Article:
Google recently launched an updated version of its note-taking app, NotebookLM, geared towards researchers, students, and anyone needing to organize gathered information. One of the key updates is the ability for users to upload Google Slides and web URLs as sources, expanding on the previously accepted Google Docs, PDFs, and text files. Additionally, the new Notebook Guide feature allows for the creation of study guides, FAQs, and briefing documents. Inline citations can now reference up to 50 sources per project, with each source capable of being 500,000 words in length. This marks a significant increase from the previous limit of five sources per project.

During a briefing with Raiza Martin, a senior product manager at Google Labs, it was emphasized that NotebookLM operates as a closed system. The app relies solely on the content provided by the user and does not conduct external web searches. This approach ensures that responses to queries about data or images originate from the user’s unique “corpus” within the platform. As a reporter, I had the opportunity to test out the updated features of NotebookLM firsthand. While the Notebook Guide feature was not immediately accessible, I was able to explore new data sources, utilize inline citations, and engage Gemini 1.5 Pro, the latest large language model powering the platform, to analyze graphs.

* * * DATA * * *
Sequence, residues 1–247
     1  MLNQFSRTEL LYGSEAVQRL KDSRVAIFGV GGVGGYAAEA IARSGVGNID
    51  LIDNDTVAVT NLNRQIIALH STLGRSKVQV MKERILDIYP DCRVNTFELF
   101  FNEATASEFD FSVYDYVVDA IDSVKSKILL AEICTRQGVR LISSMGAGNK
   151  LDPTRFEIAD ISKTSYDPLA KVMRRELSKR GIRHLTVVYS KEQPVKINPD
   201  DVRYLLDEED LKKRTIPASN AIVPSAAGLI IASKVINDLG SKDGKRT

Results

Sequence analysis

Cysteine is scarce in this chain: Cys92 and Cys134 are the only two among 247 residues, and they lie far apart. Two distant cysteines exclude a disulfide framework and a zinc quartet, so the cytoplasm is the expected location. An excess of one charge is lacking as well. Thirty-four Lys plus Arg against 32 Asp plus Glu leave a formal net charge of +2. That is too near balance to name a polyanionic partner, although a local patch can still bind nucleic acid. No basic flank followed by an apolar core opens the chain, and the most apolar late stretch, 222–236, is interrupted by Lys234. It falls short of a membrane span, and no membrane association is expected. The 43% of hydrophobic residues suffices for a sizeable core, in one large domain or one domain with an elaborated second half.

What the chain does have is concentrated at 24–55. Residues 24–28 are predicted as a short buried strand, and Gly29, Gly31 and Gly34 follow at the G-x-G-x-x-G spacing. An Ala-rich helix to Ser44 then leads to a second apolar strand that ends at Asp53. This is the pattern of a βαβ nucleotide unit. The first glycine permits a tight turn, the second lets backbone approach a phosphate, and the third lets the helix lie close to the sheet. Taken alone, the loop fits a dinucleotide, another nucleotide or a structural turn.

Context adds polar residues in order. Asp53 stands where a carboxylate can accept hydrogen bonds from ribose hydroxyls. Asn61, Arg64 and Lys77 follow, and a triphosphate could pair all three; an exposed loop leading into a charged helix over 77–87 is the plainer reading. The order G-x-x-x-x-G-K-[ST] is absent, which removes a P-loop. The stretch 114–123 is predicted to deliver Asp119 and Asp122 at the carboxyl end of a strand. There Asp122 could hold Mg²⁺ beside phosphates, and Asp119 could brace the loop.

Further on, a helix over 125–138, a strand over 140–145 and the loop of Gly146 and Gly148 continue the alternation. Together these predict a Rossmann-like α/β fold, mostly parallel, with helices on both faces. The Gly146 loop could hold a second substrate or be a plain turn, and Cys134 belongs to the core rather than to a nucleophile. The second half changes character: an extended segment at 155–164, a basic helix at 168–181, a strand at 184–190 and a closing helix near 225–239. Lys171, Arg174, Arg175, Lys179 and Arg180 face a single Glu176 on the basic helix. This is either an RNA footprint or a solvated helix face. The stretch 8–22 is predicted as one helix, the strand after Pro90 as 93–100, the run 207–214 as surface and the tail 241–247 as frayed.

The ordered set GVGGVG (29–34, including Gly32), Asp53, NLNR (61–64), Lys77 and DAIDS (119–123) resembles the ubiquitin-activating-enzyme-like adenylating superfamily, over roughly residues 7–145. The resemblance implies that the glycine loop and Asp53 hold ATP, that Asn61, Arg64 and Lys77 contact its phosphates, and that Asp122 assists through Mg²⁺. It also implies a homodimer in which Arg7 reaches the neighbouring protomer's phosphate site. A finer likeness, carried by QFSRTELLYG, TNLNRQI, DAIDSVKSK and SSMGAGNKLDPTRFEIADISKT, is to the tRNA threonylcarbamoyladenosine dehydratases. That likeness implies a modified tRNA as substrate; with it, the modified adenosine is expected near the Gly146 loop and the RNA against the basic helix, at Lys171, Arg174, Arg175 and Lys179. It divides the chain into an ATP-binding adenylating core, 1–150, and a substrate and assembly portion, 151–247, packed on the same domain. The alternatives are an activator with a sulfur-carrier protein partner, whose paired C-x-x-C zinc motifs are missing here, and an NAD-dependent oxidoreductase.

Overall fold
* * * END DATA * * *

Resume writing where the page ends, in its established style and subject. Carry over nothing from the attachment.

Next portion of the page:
In my testing, I requested NotebookLM to extract data from a line graph presented in a PDF document. The app accurately provided the numerical information I sought. Furthermore, when I tasked NotebookLM with summarizing the content of the EU AI Act, it delivered a concise overview along with proper citations to indicate the information sources. However, I encountered an issue when attempting to use web URLs as sources. Despite pasting a link into NotebookLM, the model failed to display the website in the list of sources. It appears that this particular functionality may require further refinement to be fully functional.

Unlike Perplexity’s Pages, a tool advertised to assist researchers in data discovery and information sharing, NotebookLM is not designed to write research papers on behalf of users. Google has highlighted various use cases where NotebookLM has proved beneficial, including author Walter Isaacson leveraging the platform to analyze Marie Curie’s journals for an upcoming book. While NotebookLM offers advanced features for organizing and analyzing content, it is crucial to acknowledge its limitations and potential areas for improvement.

The latest updates to Google’s NotebookLM app introduce enhanced capabilities for information organization and analysis. By enabling users to incorporate Google Slides and web URLs, along with offering an expanded source limit and improved citation functionality, NotebookLM presents itself as a valuable tool for researchers and students. As development continues, addressing issues such as web URL integration will be essential to optimizing the user experience and cementing NotebookLM’s position as a leading note-taking application in the field of AI research.


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